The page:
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Published: November 23rd 2014
He grabs hold of me, the father of the dead girl. He spills so much sadness from his heart, but he holds back the tears and can barely speak. So I cry for him, cry here at the funeral for his beautiful twelve year old daughter, trampled by an elephant.
Chi Phat and the surrounding region now grieve for this family. The funeral will continue for 7 days. Family and neighbors gather. They ride in, three and four people crammed on each motorcycle, carrying baskets and other things for the family. A photo of the daughter is displayed and is surrounded by offerings of fruit, sweets, and other precious items.
I never expected to be at a funeral so soon after I arrived in this little village, situated deep in the Cardamom Mountains in southern Cambodia. When I first arrived here to begin my volunteer work with the Wildlife Alliance and the community, I was told of the recent tragedy. The Wildlife Alliance has partnered with the village to help reforest the jungle, to preserve the habitat and this important corridor for elephants and other wildlife, but now this happens, throwing shudders through the population here.
I had joined an overnight trek to the jungle, and the day before our group had passed this modest rural home where people gathered for the family.
And now the next morning I'm part of the process. The father won't let go of me. His heart is short of exploding, his sad eyes are riveted on mine. I rub his back, I hug him, I do what I can to comfort this father who has lost his middle daughter. I ask him about his family, but he can barely speak, holding fingers up to communicate that he has two other daughters. I use my limited knowledge of the language to say words like "sad" and "broken-hearted", maybe to express the feelings of the father. He pulls me to the mat in front of her photograph, motions for me to light sticks of incense and put them in a holder before her photo. I pray for ease of her passing, and I pray for the healing of this family's sadness.
The half dozen men sitting nearby on the mat stare at us. Others beyond stare at us. They see our tears, they see how I'm touching and holding this man. I wonder if it is usual to express emotion at such events, or to physically touch the father as I am doing. This father needs to grieve deeply.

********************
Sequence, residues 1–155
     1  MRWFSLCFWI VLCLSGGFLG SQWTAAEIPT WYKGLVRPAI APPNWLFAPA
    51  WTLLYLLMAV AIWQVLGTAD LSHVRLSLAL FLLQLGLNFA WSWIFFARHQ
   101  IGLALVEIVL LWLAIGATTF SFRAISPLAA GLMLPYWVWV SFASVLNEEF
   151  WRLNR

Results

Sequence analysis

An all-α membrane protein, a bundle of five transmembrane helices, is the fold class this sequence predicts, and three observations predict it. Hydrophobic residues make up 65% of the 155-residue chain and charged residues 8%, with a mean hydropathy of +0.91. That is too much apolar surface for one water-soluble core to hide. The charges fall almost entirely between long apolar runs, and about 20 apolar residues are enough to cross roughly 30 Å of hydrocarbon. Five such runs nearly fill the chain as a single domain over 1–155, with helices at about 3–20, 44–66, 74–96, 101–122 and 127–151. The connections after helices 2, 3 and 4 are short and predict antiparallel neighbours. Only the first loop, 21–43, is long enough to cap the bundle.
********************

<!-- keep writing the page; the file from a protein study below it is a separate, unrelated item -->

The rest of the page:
I find the mother and hug her also. She mutters low words to me, looking at her daughter's photograph, sadness dripping from her face. I cry some more.
An old woman pulls me to a table of food, dishes up rice noodles and vegetables and fish broth. I had eaten just 40 minutes earlier, but I accept this offering graciously and eat as much as I can. The food is delicious and plentiful. The women had started preparing it at four am that morning.
The two saffron-robed monks are chanting now under the outdoor shelter. Men and women gather and chant and pray on the mat, in front of the photo of the lost daughter.
The older sister, fifteen years old, comes to me. Her face says she is happy I am here. I tell her I am sorry and hold both her arms. Fifteen minutes later she is weeping, weeping, not from losing her sister, but because she has cut her foot. It bleeds and bleeds. My jungle guide asks me if I have anything to treat it. I pull out my packet of bandaids, antiseptic ointment, blister treatment. I see the blood flow, and she weeps incessantly. I think the 2 inch gash in her toe must need stitches. It looks deep and won't stop bleeding. She screams when I apply pressure to stop the bleeding. So I take her hand which someone was restraining, and I show her how to hold a compress. We clean it and I squeeze antiseptic ointment on her finger, and she dabs it on the wounds. She has some control now, and her sobbing ceases. I give her bandaids, which she applies carefully across the cut, and I give her the two others that I carry. I ask her if it is better. She does not answer, but tries to smile.
I think she cried from the pain of her wounded foot, and from the pain in her heart from losing her sister.
I can't stop thinking about this family as I walk on the trail back to Chi Phat. I shared the deepest pain of a parent's life. They gave me that pain, that agony, for a little while. I shake my head now and breathe deeply, breathe for the family and breathe for their loss.
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